[fpc-devel] Proposal for 2 new compiler functions

J. Gareth Moreton gareth at moreton-family.com
Wed Jun 13 02:13:27 CEST 2018

I can see where you're coming from here. 
If not a logarithm, what would you call 
these functions that concisely and 
compactly describes their behaviour and 
purpose? While "bit scan reverse" is 
effectively a truncated log2, with a flag 
set if the input was zero, it's not a name 
that jumps out at the user as "aah, that's 
what I need" or "ah, I know what that's 
for", and there's no equivalent to what 
I'm calling CLog2 yet.

Would "ILog2" and "CILog2" differentiate 
them enough from the mathematical 


On Wed 13/06/18 01:56 , Wolf 
wv99999 at gmail.com sent:
> On 13/06/2018 11:07, J. Gareth Moreton 
> Well, I would argue that when computing 
log(x) of any base, as x tends
> to 0 from a positive number, log(x) 
becomes a progressively more negative
> number to the point that, yes, it's 
undefined, but that's only going by the
> definition of limits.
> The issue here is that my proposed 
logarithm functions work not on
> floating-point numbers, but integers, 
primarily for the sake of speed and
> application.  There is no way to store a 
NaN or plus or minus infinity in
> an integral type, which means the only 
other option is to raise an
> exception.  That's why I am willing to 
withdraw my objections, as stated,
> the moment you remove log from the 
function name. What you want to use is a
> function of your own design, with value 
mappings different from what a
> logarithm does. My objection is not 
about your optimization work, it is
> about potential mis-use of your work, 
and mis-understandings by any future
> maintainer of your work.
> Wolf
> For truly mathematical functions with a 
continuous domain, then yes, it
> should return proper values.  I suppose 
what I'm proposing is not the true
> base-2 logarithm, but two functions that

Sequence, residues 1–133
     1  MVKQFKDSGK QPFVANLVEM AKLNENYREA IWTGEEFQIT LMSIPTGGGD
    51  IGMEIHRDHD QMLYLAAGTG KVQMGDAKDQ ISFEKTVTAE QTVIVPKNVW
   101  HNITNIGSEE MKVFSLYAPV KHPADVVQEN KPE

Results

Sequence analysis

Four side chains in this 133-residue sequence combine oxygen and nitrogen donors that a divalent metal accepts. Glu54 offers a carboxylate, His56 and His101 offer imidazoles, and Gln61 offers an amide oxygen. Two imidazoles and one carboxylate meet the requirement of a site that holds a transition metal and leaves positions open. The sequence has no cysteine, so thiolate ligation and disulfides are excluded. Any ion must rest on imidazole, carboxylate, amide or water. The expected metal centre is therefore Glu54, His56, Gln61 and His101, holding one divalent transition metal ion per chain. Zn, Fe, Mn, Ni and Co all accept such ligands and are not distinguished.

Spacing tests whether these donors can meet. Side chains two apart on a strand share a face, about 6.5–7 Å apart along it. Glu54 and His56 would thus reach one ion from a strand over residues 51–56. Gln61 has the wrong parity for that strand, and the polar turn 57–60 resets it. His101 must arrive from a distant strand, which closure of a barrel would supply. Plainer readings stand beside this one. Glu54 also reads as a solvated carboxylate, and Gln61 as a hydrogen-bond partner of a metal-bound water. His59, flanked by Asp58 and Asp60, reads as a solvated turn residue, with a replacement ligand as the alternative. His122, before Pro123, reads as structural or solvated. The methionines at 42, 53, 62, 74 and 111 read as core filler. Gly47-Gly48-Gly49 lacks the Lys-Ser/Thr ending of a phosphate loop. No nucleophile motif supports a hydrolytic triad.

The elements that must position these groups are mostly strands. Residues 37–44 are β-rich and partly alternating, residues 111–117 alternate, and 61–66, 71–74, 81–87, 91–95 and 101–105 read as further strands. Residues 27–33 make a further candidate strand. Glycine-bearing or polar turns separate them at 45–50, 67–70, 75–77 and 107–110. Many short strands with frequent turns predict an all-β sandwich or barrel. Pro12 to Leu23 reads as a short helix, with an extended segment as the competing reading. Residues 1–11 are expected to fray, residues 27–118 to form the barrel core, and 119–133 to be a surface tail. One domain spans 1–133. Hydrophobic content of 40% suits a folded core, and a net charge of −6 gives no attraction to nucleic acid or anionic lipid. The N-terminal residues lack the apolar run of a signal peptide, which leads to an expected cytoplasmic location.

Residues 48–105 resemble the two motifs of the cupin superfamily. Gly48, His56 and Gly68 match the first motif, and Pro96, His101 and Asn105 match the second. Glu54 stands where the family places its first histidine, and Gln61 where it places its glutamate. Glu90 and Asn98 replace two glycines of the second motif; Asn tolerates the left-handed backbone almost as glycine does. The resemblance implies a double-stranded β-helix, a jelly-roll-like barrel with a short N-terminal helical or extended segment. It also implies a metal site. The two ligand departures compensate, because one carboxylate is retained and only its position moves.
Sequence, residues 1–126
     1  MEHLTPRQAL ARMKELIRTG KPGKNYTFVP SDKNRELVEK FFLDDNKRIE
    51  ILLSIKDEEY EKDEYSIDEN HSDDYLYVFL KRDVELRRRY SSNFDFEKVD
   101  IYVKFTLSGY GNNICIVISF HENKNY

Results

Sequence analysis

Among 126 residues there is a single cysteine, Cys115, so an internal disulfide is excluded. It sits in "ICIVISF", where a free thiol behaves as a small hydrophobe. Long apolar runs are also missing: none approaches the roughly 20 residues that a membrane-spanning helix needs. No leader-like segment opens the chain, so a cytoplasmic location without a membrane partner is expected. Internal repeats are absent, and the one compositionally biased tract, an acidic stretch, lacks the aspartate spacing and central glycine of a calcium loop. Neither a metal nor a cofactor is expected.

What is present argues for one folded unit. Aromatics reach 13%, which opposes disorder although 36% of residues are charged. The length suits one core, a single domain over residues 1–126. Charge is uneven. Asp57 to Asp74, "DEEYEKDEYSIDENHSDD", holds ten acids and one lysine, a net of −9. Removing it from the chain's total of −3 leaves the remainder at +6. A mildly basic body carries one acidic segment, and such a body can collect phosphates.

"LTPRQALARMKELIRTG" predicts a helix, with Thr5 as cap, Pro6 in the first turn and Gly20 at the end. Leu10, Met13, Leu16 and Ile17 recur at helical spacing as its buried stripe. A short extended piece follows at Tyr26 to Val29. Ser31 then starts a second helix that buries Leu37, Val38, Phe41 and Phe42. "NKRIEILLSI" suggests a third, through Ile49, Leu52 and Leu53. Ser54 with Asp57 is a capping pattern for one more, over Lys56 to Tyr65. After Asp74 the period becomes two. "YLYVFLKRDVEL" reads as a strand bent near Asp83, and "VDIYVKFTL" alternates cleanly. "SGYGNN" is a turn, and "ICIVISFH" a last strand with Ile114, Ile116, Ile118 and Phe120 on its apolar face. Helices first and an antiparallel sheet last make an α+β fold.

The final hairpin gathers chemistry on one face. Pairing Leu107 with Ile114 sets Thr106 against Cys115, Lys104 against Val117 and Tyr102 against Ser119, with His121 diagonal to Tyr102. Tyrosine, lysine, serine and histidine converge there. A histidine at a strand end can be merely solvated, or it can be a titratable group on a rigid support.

do the following:
> FLog2(x), x element of N (natural 
numbers), including zero
> 0, x = 0
> floor(log2(x)); x ≠ 0
> CLog2(x), x element of N, including zero
> 0, x = 0
> ceil(log2(x)); x ≠ 0
> (Not easy to describe when you can't use 
proper mathematical notation in
> an e-mail!) 
> In this instance, it's less about 
mathematical correctness and more for
> the sake of convenience, because only a 
single input (zero) would be
> undefined, and for the sake of bit 
lengths and loop iterations, 0 is a more
> convenient value than throwing an 
exception or returning something
> undefined or potentially hazardous like 
$FFFFFFFF, which if passed blindly
> into a for-loop, will cause 4.29 billion 
iterations..  I understand that,
> and if you want to use a Bit Scan 
Reverse instruction, use it. But do not
> call it a logarithm, because that has 
implications . . .  Take a look at
> the [FPC-PASCAL] ROUND(2.5)=2 thread. 
Why is nobody there suggesting to
> look for Intel to sort out his /her 
rounding issues? That thread displays
> the kind of blindness I am concerned 
about. The answers are available, but
> hidden in massive documentation, as you 
yourself noticed so recently.
> Wolf
> Gareth
> On Wed 13/06/18 00:45 , Wolf 
wv99999 at gmail.com sent:
> Hi 
> I object to one component of Gareth's 
proposal - to make log2(0)=0. The
> problem lies not with what Gareth wants 
to do with it, but what other
> people will use it for once it becomes 
available.  log2(0) is undefined
> (and undefinable, as it is not a 
computable number), the appropriate choice
> for log2(0) is to make it Not-A-Number 
> FLog2(0) = NaN = CLog2. 
> Such a choice would avoid the mess 
Gustavson got himself into when he
> mapped [1] 0 and 1/0 onto the same 
number - a mapping that has many
> advantages for computing, but eventually